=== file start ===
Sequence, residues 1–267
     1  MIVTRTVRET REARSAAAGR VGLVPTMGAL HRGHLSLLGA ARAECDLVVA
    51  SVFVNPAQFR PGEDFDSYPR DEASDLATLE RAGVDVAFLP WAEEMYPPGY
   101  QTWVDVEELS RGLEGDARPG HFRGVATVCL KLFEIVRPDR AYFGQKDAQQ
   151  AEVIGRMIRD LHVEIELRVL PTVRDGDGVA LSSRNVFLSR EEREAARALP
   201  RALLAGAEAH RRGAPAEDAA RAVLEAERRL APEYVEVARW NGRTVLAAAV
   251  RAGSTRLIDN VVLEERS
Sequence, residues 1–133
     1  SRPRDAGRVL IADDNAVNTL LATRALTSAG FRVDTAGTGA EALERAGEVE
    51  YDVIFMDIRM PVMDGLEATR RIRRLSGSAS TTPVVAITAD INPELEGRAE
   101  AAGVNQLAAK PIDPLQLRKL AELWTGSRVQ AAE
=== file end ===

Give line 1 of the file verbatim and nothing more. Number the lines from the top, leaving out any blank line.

Sequence, residues 1–267